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EnglishEdit

EtymologyEdit

From Latin recte (rightly, correctly)

AdverbEdit

recte (not comparable)

  1. Used parenthetically in a verbatim quotation to correct an error in the source (compare sic, which notes an error without correcting it)
    • 1924 December 31, Robert Dunlop and Geo. O'Brien, "An Unpublished Survey of the Plantation of Munster in 1622", The Journal of the Royal Society of Antiquaries of Ireland, Sixth Series, Vol. 14, No. 2 p.132:
      The Seignory of Castleton, containing 200 (sic, query recte 12,000) acres
    • 1972 T. P. O'Neill (ed.) Private Sessions of Second Dáil (Dublin) 26 August 1921
      ELECTION OF GRAND COUNCIL [ recte COMMITTEE ]
    • 1974 Edmund Colledge THE CAPGRAVE 'AUTOGRAPHS', Transactions of the Cambridge Bibliographical Society, Vol. 6, No. 3, p.142:
      Here is a list of errors not observed by the corrector.
      193: and (recte 'as')
      735: a quartere (add 'ȝеге')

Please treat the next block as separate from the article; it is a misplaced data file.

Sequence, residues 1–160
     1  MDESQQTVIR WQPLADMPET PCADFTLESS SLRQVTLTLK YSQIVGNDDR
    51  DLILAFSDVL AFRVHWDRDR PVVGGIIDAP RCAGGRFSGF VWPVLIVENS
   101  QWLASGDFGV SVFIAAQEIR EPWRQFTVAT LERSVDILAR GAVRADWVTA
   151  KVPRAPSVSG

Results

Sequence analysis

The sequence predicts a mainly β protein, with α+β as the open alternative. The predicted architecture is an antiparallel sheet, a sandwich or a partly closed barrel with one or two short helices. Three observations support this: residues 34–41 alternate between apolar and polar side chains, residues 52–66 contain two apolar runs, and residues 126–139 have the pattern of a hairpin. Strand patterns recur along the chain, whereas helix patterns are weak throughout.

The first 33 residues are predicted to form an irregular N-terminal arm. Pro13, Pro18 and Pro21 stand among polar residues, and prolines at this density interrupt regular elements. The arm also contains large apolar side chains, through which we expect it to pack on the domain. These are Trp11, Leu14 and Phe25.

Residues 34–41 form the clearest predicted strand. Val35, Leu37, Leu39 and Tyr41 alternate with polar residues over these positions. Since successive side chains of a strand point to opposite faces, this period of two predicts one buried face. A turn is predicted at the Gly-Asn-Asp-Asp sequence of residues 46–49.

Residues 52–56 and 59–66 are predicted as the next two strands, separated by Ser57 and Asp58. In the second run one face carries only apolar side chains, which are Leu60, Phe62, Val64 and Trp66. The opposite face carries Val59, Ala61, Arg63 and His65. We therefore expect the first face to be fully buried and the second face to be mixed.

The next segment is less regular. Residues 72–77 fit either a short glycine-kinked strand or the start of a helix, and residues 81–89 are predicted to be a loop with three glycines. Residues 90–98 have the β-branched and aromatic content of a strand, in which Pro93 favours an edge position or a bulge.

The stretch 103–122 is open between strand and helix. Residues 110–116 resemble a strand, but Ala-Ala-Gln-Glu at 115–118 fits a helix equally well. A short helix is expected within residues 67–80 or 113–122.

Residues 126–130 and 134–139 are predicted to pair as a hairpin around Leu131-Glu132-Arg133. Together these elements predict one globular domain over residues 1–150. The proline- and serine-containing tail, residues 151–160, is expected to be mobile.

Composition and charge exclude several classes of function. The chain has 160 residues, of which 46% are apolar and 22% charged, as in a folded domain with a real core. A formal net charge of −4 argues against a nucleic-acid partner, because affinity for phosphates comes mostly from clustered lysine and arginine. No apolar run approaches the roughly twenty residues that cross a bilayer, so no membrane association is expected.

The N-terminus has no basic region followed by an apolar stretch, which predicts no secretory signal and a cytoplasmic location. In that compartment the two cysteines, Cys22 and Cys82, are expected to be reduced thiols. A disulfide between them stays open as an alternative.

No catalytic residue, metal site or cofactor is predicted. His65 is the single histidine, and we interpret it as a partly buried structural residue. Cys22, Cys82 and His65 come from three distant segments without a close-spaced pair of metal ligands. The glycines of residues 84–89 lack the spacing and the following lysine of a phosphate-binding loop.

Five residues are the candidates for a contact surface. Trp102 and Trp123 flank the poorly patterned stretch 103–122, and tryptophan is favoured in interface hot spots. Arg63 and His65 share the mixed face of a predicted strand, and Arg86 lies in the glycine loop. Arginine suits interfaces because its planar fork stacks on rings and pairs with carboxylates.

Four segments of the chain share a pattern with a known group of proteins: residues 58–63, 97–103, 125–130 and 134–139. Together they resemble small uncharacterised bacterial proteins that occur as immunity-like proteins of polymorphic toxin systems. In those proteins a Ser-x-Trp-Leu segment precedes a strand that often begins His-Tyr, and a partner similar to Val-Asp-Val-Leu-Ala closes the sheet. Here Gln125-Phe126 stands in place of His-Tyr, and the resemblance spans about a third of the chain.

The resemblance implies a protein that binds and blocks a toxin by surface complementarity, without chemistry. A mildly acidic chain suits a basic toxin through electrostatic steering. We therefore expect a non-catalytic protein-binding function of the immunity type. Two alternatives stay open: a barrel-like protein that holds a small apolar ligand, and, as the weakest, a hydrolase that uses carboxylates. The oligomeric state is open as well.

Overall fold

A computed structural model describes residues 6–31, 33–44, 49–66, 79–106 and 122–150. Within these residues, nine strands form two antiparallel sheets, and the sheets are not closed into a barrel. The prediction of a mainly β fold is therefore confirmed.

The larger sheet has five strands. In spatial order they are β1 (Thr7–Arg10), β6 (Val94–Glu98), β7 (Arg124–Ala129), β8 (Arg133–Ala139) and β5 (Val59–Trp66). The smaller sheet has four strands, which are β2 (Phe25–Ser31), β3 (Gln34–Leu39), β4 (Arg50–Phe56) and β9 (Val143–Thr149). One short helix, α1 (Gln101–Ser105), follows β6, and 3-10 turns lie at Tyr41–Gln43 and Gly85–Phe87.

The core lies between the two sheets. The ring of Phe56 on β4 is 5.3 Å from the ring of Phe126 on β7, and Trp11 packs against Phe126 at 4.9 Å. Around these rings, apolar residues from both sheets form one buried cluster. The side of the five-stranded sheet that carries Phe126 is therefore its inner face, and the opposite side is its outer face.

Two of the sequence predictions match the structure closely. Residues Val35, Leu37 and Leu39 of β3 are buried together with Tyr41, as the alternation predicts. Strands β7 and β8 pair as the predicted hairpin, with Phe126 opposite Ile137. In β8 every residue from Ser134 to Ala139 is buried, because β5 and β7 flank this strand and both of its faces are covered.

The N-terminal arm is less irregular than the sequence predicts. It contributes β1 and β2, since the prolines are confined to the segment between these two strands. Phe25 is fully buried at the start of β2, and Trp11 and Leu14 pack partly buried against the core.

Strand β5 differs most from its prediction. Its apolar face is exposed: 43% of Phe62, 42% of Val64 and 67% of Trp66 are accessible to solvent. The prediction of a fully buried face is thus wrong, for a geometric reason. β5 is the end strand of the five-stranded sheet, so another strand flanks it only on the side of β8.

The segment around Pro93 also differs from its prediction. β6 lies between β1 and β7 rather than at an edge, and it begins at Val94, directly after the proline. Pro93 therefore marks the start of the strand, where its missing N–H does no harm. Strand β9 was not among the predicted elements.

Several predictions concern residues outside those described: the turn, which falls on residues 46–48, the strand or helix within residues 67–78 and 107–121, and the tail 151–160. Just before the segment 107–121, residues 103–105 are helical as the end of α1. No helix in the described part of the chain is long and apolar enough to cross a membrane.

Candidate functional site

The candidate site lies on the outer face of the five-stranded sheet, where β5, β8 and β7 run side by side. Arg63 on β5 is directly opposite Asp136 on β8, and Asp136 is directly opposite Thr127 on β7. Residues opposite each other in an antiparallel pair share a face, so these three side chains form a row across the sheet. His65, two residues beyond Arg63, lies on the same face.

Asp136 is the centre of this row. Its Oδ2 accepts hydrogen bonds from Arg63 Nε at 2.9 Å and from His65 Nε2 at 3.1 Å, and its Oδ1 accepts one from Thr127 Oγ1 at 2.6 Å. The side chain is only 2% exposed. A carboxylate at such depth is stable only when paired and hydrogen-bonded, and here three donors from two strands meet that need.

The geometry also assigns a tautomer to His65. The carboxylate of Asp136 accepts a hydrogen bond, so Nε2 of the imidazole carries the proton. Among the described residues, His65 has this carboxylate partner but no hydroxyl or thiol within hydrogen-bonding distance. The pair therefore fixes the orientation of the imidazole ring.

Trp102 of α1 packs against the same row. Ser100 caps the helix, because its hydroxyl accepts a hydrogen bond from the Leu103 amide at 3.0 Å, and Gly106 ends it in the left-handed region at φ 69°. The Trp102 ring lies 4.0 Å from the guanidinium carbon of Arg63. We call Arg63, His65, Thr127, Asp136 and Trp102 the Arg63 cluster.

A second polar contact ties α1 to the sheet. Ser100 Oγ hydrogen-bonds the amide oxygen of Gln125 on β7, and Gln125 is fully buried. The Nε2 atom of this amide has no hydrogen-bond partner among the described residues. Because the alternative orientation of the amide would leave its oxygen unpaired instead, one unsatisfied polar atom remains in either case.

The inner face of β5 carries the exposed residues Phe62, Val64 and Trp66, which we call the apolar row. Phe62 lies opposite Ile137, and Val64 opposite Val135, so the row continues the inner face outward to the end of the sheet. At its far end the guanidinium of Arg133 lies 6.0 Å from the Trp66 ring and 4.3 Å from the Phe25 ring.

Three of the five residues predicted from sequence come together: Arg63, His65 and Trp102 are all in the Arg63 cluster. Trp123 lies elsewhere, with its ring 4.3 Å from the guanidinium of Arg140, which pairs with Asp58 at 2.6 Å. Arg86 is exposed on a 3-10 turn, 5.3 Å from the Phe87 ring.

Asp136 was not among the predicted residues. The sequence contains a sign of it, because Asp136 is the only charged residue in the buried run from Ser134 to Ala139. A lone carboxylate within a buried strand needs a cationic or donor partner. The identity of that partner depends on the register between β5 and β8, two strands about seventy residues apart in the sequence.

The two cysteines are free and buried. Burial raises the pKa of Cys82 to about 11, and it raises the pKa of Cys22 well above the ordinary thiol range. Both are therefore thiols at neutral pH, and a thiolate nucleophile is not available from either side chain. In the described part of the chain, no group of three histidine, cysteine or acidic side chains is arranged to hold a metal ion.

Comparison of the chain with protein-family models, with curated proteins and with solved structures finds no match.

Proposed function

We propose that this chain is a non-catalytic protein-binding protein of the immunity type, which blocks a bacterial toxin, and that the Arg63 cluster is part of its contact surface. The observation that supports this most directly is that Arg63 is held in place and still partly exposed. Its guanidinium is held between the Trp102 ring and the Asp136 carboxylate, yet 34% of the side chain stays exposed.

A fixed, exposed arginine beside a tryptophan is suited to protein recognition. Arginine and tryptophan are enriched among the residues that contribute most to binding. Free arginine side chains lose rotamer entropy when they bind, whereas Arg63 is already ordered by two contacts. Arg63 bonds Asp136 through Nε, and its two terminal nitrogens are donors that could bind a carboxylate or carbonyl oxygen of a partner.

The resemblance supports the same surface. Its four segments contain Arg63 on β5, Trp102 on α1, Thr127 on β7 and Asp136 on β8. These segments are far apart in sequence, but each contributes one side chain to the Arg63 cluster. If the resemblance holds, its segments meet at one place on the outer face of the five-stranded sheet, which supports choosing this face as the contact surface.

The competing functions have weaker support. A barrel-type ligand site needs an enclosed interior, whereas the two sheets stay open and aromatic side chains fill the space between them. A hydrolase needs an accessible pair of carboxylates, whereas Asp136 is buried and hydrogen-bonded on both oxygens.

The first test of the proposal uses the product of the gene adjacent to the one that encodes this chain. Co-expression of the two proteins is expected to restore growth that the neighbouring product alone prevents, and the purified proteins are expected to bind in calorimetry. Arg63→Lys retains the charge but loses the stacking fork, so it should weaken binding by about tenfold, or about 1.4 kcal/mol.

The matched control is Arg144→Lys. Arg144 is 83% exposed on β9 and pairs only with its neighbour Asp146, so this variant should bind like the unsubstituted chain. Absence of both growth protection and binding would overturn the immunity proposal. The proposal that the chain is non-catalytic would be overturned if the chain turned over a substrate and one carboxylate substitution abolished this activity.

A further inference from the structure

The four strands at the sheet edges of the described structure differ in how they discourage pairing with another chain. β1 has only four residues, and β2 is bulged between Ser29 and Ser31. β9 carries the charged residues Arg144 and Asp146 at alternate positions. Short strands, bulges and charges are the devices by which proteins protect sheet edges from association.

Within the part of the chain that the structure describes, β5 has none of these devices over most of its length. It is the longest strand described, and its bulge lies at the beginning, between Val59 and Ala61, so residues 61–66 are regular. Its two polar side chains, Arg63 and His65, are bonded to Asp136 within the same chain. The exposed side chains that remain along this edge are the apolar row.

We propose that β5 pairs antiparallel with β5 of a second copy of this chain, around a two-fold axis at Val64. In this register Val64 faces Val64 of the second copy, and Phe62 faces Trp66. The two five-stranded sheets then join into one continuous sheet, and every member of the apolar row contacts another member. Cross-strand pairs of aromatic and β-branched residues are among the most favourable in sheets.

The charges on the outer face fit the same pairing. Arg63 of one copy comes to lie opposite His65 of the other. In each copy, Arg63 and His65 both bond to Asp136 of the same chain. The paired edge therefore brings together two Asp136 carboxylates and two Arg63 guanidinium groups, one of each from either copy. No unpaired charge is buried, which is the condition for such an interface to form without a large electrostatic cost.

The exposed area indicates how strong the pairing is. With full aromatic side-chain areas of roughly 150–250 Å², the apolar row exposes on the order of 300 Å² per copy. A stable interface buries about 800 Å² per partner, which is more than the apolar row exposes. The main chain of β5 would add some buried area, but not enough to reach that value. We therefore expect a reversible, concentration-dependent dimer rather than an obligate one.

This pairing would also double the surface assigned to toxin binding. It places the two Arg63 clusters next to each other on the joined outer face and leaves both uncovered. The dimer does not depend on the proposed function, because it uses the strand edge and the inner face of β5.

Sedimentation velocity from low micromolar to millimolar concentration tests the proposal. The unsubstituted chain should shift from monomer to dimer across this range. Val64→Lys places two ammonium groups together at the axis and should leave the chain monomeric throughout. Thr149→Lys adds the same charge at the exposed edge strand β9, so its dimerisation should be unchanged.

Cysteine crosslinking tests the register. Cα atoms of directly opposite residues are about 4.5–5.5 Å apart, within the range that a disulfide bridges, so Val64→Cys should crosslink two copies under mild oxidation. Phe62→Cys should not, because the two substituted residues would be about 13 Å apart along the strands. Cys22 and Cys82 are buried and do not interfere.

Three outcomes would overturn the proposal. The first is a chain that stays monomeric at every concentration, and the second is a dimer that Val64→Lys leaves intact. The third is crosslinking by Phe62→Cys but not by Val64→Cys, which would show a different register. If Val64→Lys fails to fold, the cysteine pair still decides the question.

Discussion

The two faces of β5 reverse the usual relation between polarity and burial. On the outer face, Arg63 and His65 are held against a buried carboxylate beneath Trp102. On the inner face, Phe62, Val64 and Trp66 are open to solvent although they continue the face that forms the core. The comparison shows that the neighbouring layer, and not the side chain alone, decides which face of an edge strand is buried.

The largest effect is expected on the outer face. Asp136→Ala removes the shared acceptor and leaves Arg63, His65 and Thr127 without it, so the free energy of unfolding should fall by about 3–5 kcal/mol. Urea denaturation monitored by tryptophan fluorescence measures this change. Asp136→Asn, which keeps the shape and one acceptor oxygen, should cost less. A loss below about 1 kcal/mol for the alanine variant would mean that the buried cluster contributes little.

796: noblel (recte 'noble' or 'nobel')
      1527: him (recte 'hem')
      2455: holid (? recte 'helid')

AnagramsEdit


CatalanEdit

PronunciationEdit

Etymology 1Edit

Borrowed from Latin rectus, ultimately from Proto-Indo-European *h₃reǵtós (straightened, right).

AdjectiveEdit

recte (feminine recta, masculine and feminine plural rectes)

  1. straight

Etymology 2Edit

Borrowed from Latin rectum.

NounEdit

recte m (plural rectes)

  1. (anatomy) rectum

LatinEdit

AdverbEdit

rēctē

  1. rightly, correctly

ParticipleEdit

rēcte

  1. vocative masculine singular of rēctus

ReferencesEdit

  • recte in Charlton T. Lewis (1891) An Elementary Latin Dictionary, New York: Harper & Brothers
  • recte in Gaffiot, Félix (1934) Dictionnaire Illustré Latin-Français, Hachette
  • Carl Meissner; Henry William Auden (1894) Latin Phrase-Book[1], London: Macmillan and Co.
    • (ambiguous) you were right in...; you did right to..: recte, bene fecisti quod...
    • (ambiguous) a good conscience: conscientia recta, recte facti (factorum), virtutis, bene actae vitae, rectae voluntatis
    • (ambiguous) to congratulate oneself on one's clear conscience: conscientia recte factorum erigi
    • (ambiguous) quite rightly: et recte (iure, merito)
    • (ambiguous) quite rightly: et recte (iure) quidem
    • (ambiguous) quite rightly: recte, iure id quidem